2019 Cricket World Cup, Game 17, Australia v PakistanContinue reading
2019 Cricket World Cup, Game 17, Australia v PakistanContinue reading
They say that prison changes a man. We ourself have never been incarcerated. One time we accidentally ran a red light late at night because a cat was crossing at the junction. We slowed to a stop and watched it safely cross, but when we looked up again, we found that the lights had changed and we’d rolled a few feet beyond them.
Bang in the middle of a deserted junction, we had to choose between pointlessly reversing or simply driving off forwards. We went for the latter. Unfortunately, all of this took place immediately outside a police station and a cop car pulled us over and it was terrifying. It was about this point that we concluded that we probably weren’t equipped to do serious time in the slammer.
So we’re not 100 per cent clear what they mean when they say prison changes a man. As far as we can tell, it fractionally dulls outright cricket brilliance, because while Mohammad Amir remains a very, very fine bowler, the extraordinary gasp-inducing, match-turning moments seem to have come less frequently during Act Two.
He seems very slightly eroded. We’re interested to know what proportion of him remains and whether we can express that as a percentage of his former self.
Amir entered Feltham Young Offenders Institution with 51 Test wickets at 29.09. Since he emerged, he’s taken 49 at 34.91.
His one-day international figures tell a very similar story. The synopsis for that story would be “not quite as good, but similar” which is not exactly the kind of tale where people will be rushing to buy up the film rights.
Maybe this isn’t about the stats.
The most captivating cricketers are generally those who give you very specific memories. We are struck by those whose manic peak form transcends everything else we see, even if there is also a depressive compensatory period afterwards. We’re pretty sure Mohammad Amir fits into this category.
Sadly, Cricinfo does not record the number of times a player makes you say “holy shit!”
Maybe this is something CricViz or someone could look into. The general sense though is of holy shits arriving with reduced frequency.
They can still happen. For all the jaded, stubbly, not-quite-as-pure-and-joyous-as-he-wasness about Amir Mark II, he still has it in him to do things other bowlers cannot.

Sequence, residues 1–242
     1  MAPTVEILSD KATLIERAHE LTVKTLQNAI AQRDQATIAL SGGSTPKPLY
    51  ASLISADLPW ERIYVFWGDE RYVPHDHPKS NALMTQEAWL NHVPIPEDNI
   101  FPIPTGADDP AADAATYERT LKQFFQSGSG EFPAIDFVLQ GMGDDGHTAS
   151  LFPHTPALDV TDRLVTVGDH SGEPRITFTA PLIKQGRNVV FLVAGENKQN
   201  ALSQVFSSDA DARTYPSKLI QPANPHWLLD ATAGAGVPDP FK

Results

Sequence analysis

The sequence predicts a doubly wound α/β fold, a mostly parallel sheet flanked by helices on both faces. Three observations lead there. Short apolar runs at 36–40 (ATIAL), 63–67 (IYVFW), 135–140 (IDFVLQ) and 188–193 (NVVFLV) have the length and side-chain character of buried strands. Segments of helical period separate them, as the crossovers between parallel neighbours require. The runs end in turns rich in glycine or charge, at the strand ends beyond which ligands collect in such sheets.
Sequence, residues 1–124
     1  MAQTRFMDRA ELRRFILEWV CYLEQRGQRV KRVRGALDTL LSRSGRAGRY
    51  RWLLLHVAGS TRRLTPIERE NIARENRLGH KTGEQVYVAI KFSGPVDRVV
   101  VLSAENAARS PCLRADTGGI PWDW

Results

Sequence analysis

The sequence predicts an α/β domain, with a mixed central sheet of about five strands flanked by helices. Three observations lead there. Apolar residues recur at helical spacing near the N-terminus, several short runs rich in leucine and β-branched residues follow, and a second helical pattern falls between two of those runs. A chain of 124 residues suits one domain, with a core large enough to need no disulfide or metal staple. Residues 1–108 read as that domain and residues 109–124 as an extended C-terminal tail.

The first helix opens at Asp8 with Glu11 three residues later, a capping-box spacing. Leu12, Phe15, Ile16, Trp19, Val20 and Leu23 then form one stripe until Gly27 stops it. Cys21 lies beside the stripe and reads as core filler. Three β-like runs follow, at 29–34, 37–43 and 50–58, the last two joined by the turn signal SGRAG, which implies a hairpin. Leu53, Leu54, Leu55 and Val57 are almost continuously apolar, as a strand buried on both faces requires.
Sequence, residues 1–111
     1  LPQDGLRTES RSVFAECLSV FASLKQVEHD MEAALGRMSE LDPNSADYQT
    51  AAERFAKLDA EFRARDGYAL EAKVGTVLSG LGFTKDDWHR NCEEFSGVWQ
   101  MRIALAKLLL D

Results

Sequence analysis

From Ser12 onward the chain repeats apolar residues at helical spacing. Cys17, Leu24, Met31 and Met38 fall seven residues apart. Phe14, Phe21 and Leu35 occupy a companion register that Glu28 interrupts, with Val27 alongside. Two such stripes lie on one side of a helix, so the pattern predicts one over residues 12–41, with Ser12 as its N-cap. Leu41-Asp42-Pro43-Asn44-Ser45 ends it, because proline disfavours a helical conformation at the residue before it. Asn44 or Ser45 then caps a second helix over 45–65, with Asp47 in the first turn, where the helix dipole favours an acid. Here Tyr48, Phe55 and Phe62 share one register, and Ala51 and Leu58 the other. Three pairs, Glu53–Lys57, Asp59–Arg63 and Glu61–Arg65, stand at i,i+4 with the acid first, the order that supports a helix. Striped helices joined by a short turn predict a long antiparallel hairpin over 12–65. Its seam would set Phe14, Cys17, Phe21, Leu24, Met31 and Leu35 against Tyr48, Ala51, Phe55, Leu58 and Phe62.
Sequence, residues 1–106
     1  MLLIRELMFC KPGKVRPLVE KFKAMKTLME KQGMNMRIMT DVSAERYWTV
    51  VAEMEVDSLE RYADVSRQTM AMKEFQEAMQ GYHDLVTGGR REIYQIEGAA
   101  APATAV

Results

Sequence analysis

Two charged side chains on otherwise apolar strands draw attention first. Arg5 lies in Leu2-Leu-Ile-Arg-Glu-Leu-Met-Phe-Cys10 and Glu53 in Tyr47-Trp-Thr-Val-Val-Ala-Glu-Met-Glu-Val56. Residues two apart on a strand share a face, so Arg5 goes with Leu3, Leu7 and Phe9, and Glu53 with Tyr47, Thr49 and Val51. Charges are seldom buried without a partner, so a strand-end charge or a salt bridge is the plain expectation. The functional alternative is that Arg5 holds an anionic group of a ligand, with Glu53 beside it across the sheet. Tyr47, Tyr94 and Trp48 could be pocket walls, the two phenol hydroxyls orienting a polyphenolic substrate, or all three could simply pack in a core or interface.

Not many people can bowl deliveries that would dismiss Virat Kohli in a one-day international. Fewer still can bowl two in a row. The only real disappointment was that the second one was caught, denying Amir a sort of Kohli moral victory hat-trick.
He should also be a bit better prepared for bowling in England than last time around. He played for Essex last summer and speaking to Wisden Cricket Monthly, wicketkeeper James Foster said something along the lines of: ‘He was getting crazy mad swing, the likes of which I’ve never seen before even though I’m old.’ (This is not a direct quote.)
Three things Foster literally said:
This is difficult. We’re absolutely regretting floating the idea of expressing this as a percentage because it doesn’t make sense. But you can’t just scroll up the page and delete stuff, can you? No, you can’t. Not in this day and age. You have to try and deliver what you suggested you might deliver, even when it’s impossible.
Amir himself says he’s learned new skills, but at the same time, he’s a bit more chronic knee problemmy. Let’s write those developments off against each other because then we can just concentrate on the original Amir and whether there’s been any reduction there.
The stats say there has been a reduction, but the Essex performances say otherwise (he averaged 13.50 in three Championship matches and was their most economical bowler in 13 T20 matches).
Conclusion: Maybe, if last year’s spell reminded him how to bowl in England, we’ll get somewhere around 95-100 per cent of the old Mohammad Amir (only without the propensity to make huge, life-changing mistakes).
Pakistan often lunge enthusiastically towards the ridiculous in the firm knowledge that this is their best hope of rebounding to sublime cricket – but even for them this moment was something else.
There is a strong argument that Virat Kohli is the finest one-day batsman there’s ever been. He is not a man you can afford to drop in the final of the Champions Trophy.
Oh no, turns out you can.
This delivery is basically what we all expected from Mohammad Amir, no?
— England Cricket (@englandcricket) 22 July 2016
Sometimes – like when watching an Alastair Cook innings for example – we can feel like we’ve seen it all before. There’s the cut. There’s the nurdle. There’s a leave.
Stumps being tonked by inswingers is not something we can ever imagine tiring of. Even when the team we’re supporting is on the receiving end.
As in ‘returned’. He hasn’t got ankylosing spondylitis or anything.
It’s also worth pointing out that that’s a younger version of his back in the photo above. Younger head too. Same age as the back, in fact – 2010 vintage.
What are the odds on Mohammad Amir getting a wicket first ball? This feels like one of those occasions. We’re a great lover of damp squibs and anticlimaxes, but this doesn’t feel like it’s going to be one. Or maybe the world is toying with us and he’ll pull out of the Test with a minor groin strain.
Speaking of groins, whatever happened to Gary Ballance’s groin has unhappened and he will play. A batsman seemingly designed to fall to late swing from left armers, he’ll no doubt be delighted by Amir’s presence.
As in ‘returned’. What else would the word ‘back’ mean in that context? It’s not like there’s an ambiguous apostrophe-S in there or anything.
Salman Butt and Mohammad Asif both played for Water and Power Development Authority against Federally Administered Tribal Areas in one of those somehat fictional sounding domestic fixtures in which Pakistan specialises. Butt made a ton.
Back when Asif, Butt and Mohammad Amir were banned, we wrote that a reformed cricketer would acknowledge wrongdoing and accept a fitting punishment that would serve the greater good of the sport. Whether you believe him or not, this is pretty much what Amir did. The other two, less so.